Non Parlo Italiano, Ma Mangio Italiano

In Beans, Italian, Pasta, Vegetables on November 10, 2011 at 2:30 pm

My broken-Italian headline states that I don’t speak Italian, but I eat Italian 🙂

After nearly 2 weeks back, it was due time to make some cibo Italiano.  Every region in Italy has their own flair when it comes to cuisine.  Of course, everywhere you go you can get pasta.  However, eating pasta every day, at every meal, can not only get boring, but will make those kgs or lbs rise on the scale.  Funny, at every hotel we stayed there was a bathroom scale measuring weight in kilos, which contributed to my blissful ignorance.  Then we got to Milan, and the scale had both kilos and pounds.  The mathematician in me quickly calculated the exchange rate, and it was not pretty.

My favorite cuisine was in Tuscany.  Probably because it is very rustic, and integrates a lot of veggies, grains like farro and orzo (barley), and beans.  Tuscans are super into beans.  Probably because they are cheap and filling.  At every restaurant you could order a side of beans;  usually cannellini.  The texture is so creamy, but with a really good bite.  I decided for this meal I would have to feature them.

I soaked the beans overnight, and then rinsed them and put in a pot with fresh water and 2 small bay leaves.  I let the pot get to a boil, and skimmed some of the foam.  These beans were super foamy, so you can see there was a lot of work to be done.  After 5 minutes, I lowered the heat and covered to simmer for about 90 minutes.

When the beans were done, they looked so creamy and delish!

Like I said, pasta is really big in Italy.  Usually it is served as a first course before the main meat or fish dish.  Since there were none such dishes in this dinner, I decided to serve it as another contorno.  My husband loves pasta, about as equally as he loves potatoes.  I guess that’s what happens when you’re half Italian and half Irish.  However,  I am perfectly happy to go starch-less for dinner.

Here is where the compromise comes in – Spaghetti Squash.  It is an amazing vegetable that if prepared the right way mimics the appearance of angel hair pasta.  Luckily I found one in my share this week, so it was the perfect opportunity to use it.  For myself, I would just eat the squash, but for Nick I will do a combo of whole wheat spaghetti and spaghetti squash.

To prepare the squash, you can either first cut in half to remove seeds and bake, or just pierce holes, bake, and then cut, clean, etc.  Unfortunately, there were a couple of undesirable spots on my squash, so I had to do some dissection to recover the edible potion.

While the squash roasted, it was time to prepare the vegetable dish.  I decided to make a Sicilian collard greens recipe from The Kind Diet, because it a)used up my collards and b)fit my Italian theme.  The ingredients include collards (chopped very fine in this case), garlic, raisins, pine nuts, EVOO, and balsamic.  Pretty standard pantry items.  If you don’t have pine nuts, you could omit or sub with some pumpkin seeds.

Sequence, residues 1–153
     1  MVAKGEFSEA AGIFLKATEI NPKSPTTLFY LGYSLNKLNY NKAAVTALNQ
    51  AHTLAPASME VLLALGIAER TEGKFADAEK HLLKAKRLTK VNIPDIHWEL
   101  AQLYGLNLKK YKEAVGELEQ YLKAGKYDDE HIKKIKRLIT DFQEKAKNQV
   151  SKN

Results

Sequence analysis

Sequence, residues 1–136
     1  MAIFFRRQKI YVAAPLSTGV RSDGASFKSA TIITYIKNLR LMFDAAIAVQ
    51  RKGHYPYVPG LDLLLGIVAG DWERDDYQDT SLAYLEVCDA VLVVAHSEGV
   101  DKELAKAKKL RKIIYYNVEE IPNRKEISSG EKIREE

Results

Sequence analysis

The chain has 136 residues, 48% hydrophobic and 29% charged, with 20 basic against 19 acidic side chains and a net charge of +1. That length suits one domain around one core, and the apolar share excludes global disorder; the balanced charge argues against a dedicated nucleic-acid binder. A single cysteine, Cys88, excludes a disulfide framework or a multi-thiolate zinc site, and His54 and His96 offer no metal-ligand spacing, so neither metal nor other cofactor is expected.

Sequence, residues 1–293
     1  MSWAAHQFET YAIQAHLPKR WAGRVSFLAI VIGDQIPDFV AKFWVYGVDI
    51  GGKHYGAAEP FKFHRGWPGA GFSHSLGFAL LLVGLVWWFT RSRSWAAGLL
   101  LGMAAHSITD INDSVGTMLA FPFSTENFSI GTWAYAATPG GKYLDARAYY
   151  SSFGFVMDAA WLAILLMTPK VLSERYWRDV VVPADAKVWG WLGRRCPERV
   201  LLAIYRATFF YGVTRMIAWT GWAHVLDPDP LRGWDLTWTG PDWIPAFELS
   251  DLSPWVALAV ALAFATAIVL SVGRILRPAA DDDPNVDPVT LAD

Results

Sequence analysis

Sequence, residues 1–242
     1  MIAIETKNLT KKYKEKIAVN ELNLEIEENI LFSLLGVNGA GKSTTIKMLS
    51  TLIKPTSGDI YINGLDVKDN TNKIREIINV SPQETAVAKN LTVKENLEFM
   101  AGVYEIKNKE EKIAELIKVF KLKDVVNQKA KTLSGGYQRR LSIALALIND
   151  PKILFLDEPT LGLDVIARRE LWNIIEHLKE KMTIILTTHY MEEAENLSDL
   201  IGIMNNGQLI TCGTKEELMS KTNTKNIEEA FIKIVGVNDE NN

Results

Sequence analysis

First I sauteed garlic in EVOO.

After about a minute, I added the collards, covered to cook a couple minutes, then added the pine nuts and raisins to cook a couple minutes more.  At the end, I deglazed with balsamic, and then it was done.

Now it was time to finish up the “spaghetti”.  I took the squash out of the oven, and while letting it cool I boiled some water and added some whole wheat spaghetti to a small pot.

To strand out the squash, I used a fork and combed out the flesh until there was flesh-no-more.  Doesn’t it look so much like spaghetti?

Luckily, I had some sauce leftover from Sunday’s Pizza.  It had a chance to marinate some more, so it was really flavorful for this dinner.

Luckily, I ALSO had a bottle of vino roso to accompany our feast.  What Italian meal is complete senza vino?

I love how this meal represents Italia not only in cuisine, but in color.  Red, White, and Green!  Nick’s plate, squash mixed with pasta.

Mine was just squash, but equally as pretty and delish!

The only problem with this meal was that the pine nuts were stale.  I thought I had bought them rather recently, but I suppose I was wrong.  Mind you, this past year was kind of a hectic blur 🙂

For this meal, I was able to use 2 of the veggies from the share: collards and squash.  I still have some dill, carrots, a smidge of broccoli, and a lil bit of lettuce left.  I also have been using the braising greens in my lunches, so that should be done by Friday.

I have some great ideas for the next dinner.  Can you bear the anticipation?

  1. Freeze the pine nuts. They come out fine.

  2. I recently bought some farro…what should I do with it???

    • You can use it as a sub for rice. You could also put it in a minestrone soup. I’ve also seen some salad recipes that incorporate farro. I like it just plain, maybe with some basil or pesto.

  3. […] When it was time to start dinner, I drained and rinsed the beans, put in a pot with water to cover, added two bay leaves, and you know the rest of the deal.  In case you need a refresher, read this post. […]

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